The Master of Public Administration (MPA) in Environmental Science and Policy is pleased to announce the creation of the Dean’s Environmental Science and Policy Fellowship – the first full tuition grant made in the program’s 12-year history. All prospective students who apply to the program by January 15, 2015 will be eligible for the Fellowship, valued at approximately $72,000.
+
4:24 PM | Increased risk of eruption in Tungafellsjökull volcano
There is now an increased risk of eruption in Tungafellsjökull volcano (this is my opinion only). This volcano is different than Bárðarbunga volcano and is not connected to it on crustal levels (46 km top layer of the … Continue reading →
+
4:11 PM | Geo 730: October 16, Day 654: Otter Crest and Otter Rock
I'm still not convinced I have the place names down correctly for this area, but I think the headland is Otter Crest, while the island farther out and to the south is Otter Rock. And of course, currently, there are no native otters in Oregon. There is a Washington population, and a California population, and occasionally one or a few will come into our state. But other than otters in captivity at the Oregon Coast Aquarium in Newport, and (I think) at the Oregon Zoo in Portland, we have none […]
+
4:05 PM | “Chopper” responds
Yay, more fallout. Need I say more? Oh go on then: This is a complete fabrication…. I dispute the description “abuse”, and suggest “use” as replacement… Prof Wadhams is apparently not content with people commenting on, or indeed even reporting, his work… This is ridiculous… This is an attempt to spuriously link the complaint to…
+
3:30 PM | California Drought Resembles Worst in Millennium
The 1934 drought is the worst on record for North America in the past 1,000 years, and had similar conditions to the current California drought.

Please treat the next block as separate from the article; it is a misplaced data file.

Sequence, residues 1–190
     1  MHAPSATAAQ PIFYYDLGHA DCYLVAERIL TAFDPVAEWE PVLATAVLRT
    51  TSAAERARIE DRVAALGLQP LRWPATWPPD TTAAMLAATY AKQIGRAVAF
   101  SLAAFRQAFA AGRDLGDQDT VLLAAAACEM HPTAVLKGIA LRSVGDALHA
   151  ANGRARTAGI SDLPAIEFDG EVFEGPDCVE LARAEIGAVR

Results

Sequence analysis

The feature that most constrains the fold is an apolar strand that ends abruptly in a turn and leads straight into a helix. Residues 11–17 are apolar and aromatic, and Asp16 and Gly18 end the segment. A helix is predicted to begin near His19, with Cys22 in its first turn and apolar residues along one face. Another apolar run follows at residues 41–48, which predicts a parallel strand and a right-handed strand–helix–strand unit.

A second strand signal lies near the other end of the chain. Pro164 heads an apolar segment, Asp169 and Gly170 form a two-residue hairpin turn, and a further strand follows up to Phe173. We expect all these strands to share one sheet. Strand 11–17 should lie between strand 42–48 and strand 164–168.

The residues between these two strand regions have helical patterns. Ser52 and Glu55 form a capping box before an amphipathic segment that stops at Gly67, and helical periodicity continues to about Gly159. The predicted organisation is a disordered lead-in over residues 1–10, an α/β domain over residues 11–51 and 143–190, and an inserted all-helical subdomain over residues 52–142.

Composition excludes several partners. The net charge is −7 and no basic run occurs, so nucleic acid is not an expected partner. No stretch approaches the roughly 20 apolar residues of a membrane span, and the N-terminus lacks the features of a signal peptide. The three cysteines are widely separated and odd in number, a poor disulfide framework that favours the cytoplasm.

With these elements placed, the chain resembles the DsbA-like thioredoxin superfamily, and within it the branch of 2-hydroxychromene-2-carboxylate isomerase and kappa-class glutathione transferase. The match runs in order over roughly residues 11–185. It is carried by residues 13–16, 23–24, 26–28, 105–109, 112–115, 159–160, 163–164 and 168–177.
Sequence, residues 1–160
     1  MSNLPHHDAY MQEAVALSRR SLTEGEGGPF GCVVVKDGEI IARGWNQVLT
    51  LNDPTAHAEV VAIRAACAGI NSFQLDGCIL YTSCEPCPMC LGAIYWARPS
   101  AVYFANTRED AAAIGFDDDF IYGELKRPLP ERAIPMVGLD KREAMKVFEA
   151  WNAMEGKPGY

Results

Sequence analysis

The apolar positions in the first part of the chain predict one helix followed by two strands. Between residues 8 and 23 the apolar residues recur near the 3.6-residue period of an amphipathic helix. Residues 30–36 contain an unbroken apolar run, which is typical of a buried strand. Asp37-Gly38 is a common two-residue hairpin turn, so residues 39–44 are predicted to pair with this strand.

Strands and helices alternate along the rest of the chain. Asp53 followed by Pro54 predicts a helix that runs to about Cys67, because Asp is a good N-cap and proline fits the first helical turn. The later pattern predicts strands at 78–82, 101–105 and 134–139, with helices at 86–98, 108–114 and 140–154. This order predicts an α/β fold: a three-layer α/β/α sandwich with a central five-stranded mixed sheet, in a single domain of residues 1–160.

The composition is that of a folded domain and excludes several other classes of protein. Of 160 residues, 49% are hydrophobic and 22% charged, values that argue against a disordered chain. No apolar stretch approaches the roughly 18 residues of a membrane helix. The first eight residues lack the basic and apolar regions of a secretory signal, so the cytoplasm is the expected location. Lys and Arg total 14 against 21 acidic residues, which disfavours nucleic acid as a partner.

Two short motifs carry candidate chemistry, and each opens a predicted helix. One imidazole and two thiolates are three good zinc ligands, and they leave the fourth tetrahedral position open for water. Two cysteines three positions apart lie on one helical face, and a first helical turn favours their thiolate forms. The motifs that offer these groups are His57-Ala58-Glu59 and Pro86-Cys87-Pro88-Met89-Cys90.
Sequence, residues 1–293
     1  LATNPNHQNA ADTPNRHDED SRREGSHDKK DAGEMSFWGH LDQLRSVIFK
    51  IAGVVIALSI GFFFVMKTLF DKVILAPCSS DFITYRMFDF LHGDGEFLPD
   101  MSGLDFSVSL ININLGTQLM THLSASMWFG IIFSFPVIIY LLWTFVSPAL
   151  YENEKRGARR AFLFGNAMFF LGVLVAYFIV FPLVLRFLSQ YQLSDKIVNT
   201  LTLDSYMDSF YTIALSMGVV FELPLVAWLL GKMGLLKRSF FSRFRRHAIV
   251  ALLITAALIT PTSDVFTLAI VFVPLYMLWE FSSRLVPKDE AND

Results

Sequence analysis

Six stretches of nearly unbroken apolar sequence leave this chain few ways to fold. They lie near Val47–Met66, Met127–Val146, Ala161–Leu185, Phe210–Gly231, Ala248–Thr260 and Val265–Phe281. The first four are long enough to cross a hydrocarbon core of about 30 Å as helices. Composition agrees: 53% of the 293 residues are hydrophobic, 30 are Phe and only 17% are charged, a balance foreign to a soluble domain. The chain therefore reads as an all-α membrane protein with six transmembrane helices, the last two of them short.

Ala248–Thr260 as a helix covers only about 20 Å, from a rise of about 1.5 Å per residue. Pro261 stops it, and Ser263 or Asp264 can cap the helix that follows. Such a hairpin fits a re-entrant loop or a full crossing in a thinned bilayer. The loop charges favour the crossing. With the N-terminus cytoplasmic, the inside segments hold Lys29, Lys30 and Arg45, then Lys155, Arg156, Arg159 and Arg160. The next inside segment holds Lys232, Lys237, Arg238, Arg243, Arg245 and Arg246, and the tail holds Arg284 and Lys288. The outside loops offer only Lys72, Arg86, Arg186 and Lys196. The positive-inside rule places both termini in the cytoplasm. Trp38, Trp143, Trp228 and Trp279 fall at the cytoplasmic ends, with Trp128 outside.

+
3:00 PM | Fossil Friday – Harlan’s ground sloth jaw
For this week’s Fossil Friday we have a partial lower jaw of Harlan’s ground sloth, Paramylodon harlani, collected near the eastern end of Diamond Valley not far from the museum’s current location. This particular fragment is the back half of … Continue reading →
+
3:00 PM | Sun-gazing
By Galileo’s careful hand, sunspot details are exquisite, Through eye of forehead, eye of mind beholds what body can not visit. If only he could see the sights now rendered from Earth’s outer space, Ultraviolet sunscapes – Oh, to see his raptured face!
+
2:00 PM | Bonfire!
National Blog Posting Month – September 2014 – Crunch Prompt – When was the last time you went to a campfire/bonfire? Tell us about it. —— One would think based upon the month and months of camping I have done … Continue reading →
+
2:00 PM | Friday Headlines: 10-17-14
Friday Headlines, October 17, 2014 THE LATEST IN THE GEOSCIENCES   Today’s round-up: Massive landslides in Italy Strutting kangaroos   Massive Landslide in Italy Caught on Video This is actually kind of ‘old’ news, as this happened back in 2010. … Continue reading →
+
12:55 PM | A brief word on Earthquakes and fracking.
Since the Keranen et al. paper a few months ago, there has been much discussion on the relationship between earthquakes and wastewater disposal wells from unconventional hydrocarbon extraction (a.k.a. fracking). Most of this discussion related to earthquake swarms on Oklahoma, where seismicity has dramatically increased in recent years.   However, it is worth pointing out that Oklahoma is by
+
12:07 PM | October linkfest
The linkfest has come early this month, to accommodate the blogging blitz that always accompanies the SEG Annual Meeting. If you're looking forward to hearing all about it, you can make sure you don't miss a thing by getting our posts in your email inbox. Guaranteed no spam, only bacn. If you're reading this on the website, just use the box on the right → Open geoscience goodness I've been alerted to a few new things in the open geoscience category in the last few days: Dave Hale released […]
+
11:36 AM | Science Snap (#33): Earth Science Week
James Hickey is a PhD student in the School of Earth Sciences at the University of Bristol. A geophysicist and volcanologist by trade, his PhD project is focussed on attempting to place constraints on volcanic unrest using integrated geodetic modelling. Earth Science Week is an international initiative to promote the great work that goes on in […]
123456789
611 Results